Monday, January 12, 2009

New media

I've always been enamored with print journalism (as a previous post attests). The smell of the ink right off the press, the crinkle of newsprint, the inherent trust that I have for the printed word...It all brings me back to my roots. But print is heading out of style, mostly because of the price of upkeep. And what is replacing it? Online journalism, at its finest. What started as a bunch of uploaded articles from the print version, has turned into a dynamic feed of news that offers almost immediate updates and brand new ways of looking at news. From New York Times' dynamic feature on Election Day that showed how the audience was feeling about the election in real time to the Salt Lake Tribune's effort to put news on the map for readers, journalism is evolving at a rapid pace. And in fact, many traditional print journalists are, understandably, jumping ship to online.
The one thing that must be said is that we still need journalism. That much is obvious. But the creators of the new world of online journalism need to tread carefully. We can't fully abandon the principle of print just because we are working in a new medium.
According to Virginia Heffernan, writing her column The Medium in the Dec. 5 issue of the NY Times' Sunday Magazine:
"The third argument says we have to change. We have to develop content that metamorphoses in sync with new ways of experiencing it, disseminating it and monetizing it. This argument concedes that it’s not possible to translate or extend traditional analog content like news reports and soap operas into pixels without fundamentally changing them. So we have to invent new forms. All of the fascinating, particular, sometimes beautiful and already quaint ways of organizing words and images that evolved in the previous centuries — music reviews, fashion spreads, page-one news reports, action movies, late-night talk shows — are designed for a world that no longer exists. They fail to address existing desires, while conscientiously responding to desires people no longer have."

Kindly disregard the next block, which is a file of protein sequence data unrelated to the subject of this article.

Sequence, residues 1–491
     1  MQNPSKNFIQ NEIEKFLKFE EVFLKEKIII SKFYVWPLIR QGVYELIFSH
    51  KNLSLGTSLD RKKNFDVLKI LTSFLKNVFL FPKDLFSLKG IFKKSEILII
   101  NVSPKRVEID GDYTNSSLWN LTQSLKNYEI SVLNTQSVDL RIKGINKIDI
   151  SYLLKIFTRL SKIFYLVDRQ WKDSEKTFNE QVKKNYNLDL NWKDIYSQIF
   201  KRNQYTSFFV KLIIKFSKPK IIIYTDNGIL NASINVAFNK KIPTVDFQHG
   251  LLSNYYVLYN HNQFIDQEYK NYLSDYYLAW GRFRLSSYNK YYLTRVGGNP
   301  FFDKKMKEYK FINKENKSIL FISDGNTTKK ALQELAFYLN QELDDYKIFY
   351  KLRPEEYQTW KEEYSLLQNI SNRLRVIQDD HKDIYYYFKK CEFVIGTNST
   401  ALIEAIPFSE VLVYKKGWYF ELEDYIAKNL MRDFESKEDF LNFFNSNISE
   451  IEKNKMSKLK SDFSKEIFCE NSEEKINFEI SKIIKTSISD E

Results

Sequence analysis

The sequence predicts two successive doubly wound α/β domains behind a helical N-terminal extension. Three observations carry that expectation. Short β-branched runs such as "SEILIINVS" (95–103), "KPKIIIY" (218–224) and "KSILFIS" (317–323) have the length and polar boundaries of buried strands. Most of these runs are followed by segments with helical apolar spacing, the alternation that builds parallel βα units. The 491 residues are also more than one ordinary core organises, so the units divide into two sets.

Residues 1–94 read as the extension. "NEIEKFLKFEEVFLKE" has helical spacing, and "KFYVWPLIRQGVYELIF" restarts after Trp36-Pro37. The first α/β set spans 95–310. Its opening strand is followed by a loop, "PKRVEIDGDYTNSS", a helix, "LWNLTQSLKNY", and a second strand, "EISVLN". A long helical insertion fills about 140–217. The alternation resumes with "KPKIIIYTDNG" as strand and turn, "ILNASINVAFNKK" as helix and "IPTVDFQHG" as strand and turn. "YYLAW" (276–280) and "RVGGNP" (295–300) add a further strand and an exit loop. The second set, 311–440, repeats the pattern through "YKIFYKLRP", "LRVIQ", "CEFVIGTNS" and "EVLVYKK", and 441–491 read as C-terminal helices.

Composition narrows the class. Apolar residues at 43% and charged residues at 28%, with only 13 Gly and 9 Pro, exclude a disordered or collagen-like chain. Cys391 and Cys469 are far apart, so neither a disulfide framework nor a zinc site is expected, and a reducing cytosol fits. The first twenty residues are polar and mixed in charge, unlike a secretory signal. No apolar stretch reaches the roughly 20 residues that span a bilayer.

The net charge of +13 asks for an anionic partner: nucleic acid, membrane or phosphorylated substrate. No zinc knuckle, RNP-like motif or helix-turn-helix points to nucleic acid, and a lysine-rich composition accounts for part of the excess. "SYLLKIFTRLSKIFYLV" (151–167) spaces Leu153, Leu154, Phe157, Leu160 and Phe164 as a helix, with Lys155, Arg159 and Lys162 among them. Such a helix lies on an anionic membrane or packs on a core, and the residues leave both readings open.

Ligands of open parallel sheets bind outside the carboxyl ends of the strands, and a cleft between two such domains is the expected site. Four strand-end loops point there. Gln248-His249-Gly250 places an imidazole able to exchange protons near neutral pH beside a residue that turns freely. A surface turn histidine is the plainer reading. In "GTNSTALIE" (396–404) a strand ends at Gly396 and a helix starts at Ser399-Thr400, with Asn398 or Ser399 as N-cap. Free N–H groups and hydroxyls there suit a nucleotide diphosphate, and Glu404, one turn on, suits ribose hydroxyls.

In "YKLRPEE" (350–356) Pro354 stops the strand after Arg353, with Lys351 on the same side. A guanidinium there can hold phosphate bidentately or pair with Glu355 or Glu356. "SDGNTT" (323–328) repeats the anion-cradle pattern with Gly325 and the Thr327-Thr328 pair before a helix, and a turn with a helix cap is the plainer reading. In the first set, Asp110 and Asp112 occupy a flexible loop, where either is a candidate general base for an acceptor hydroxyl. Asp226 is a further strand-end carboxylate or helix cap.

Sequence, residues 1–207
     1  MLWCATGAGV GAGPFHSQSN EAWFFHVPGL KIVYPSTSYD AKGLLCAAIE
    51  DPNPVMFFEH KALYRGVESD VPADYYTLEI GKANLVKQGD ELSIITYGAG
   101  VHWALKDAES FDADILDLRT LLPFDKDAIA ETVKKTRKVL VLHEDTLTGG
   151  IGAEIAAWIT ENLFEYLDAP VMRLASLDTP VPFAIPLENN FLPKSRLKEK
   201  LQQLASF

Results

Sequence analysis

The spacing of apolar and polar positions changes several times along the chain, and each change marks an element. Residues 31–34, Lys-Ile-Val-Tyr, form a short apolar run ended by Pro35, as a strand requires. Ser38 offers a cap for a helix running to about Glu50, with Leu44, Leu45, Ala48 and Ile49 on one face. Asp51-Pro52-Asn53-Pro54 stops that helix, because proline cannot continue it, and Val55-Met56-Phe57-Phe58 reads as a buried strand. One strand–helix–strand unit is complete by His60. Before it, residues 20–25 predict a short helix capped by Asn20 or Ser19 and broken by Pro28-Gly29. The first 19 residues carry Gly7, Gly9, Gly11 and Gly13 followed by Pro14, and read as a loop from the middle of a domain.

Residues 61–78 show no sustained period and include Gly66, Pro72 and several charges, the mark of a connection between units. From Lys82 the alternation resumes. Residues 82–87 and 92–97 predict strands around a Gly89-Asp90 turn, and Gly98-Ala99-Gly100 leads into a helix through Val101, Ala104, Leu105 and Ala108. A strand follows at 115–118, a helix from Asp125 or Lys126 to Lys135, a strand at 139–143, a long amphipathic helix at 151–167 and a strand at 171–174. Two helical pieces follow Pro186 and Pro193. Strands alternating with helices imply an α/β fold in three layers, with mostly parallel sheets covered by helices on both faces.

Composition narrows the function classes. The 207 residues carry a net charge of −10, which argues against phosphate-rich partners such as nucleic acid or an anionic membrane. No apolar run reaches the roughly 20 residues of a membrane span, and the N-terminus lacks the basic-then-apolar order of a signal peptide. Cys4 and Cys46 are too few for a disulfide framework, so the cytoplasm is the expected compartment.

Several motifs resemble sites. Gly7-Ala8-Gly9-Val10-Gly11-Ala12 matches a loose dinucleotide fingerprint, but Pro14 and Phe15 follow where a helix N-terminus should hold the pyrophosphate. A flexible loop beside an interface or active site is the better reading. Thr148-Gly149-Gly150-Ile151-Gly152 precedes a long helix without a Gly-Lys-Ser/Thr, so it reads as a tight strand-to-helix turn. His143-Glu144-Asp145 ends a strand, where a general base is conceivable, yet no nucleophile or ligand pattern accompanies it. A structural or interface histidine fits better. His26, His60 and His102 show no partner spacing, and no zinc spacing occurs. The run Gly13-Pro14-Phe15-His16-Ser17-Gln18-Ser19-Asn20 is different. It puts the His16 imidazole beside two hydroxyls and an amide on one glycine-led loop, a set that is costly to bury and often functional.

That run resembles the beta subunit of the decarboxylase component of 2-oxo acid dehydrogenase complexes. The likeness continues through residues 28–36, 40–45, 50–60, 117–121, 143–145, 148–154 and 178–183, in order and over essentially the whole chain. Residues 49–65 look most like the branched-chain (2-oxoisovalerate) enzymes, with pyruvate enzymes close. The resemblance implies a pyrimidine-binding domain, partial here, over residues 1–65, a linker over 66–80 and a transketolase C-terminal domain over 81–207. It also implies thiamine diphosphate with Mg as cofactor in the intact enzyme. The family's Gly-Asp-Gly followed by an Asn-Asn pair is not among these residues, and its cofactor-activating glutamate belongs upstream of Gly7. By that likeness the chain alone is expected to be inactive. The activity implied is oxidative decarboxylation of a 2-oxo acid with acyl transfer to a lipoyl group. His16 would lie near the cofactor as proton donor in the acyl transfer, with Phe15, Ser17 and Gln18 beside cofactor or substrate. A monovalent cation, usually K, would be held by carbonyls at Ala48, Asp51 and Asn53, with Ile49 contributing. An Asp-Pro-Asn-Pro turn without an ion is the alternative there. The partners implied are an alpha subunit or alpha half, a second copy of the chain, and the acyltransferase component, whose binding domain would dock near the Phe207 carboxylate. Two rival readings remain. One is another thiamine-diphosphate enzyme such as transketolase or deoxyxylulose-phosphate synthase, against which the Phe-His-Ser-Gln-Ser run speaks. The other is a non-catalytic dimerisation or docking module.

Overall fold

Her argument revolves around the assumption that readers don't want to see the features of a newspaper placed directly online. This argument is fundamentally true. But what we do need is to figure out how to translate the principles of newspapers to online media.
A new study sponsored by the Reynolds Journalism Institute and the Associated Press Managing Editors explores the so-called "online credibility gap" and what readers want from their online news. The report discovered many things, but one thing that is surprising is that many of the people surveyed said that online journalism benefits from the principles of print journalism. According to the report:
"Both the public and editors thought all the basics such as 'verifying information,'
'getting the facts right,' 'correcting mistakes,' and both journalists and users 'taking
responsibility for accuracy' should be practiced to support good journalism online."

Journalists should take note and realize that we can't abandon print journalism principles just because we've gone online. While we can stretch our creative processes and come up with some great ways to present the news, we will never have to worry about not being needed or wanted by the public. Offering accurate, unbiased news will always be considered important.

All that being said, I am now trying to decide whether to continue to pursue a print-heavy career, or to completely immerse myself in online journalism. I'm beginning to lean towards online just because of all the new and creative potential it offers for bringing the news to readers.

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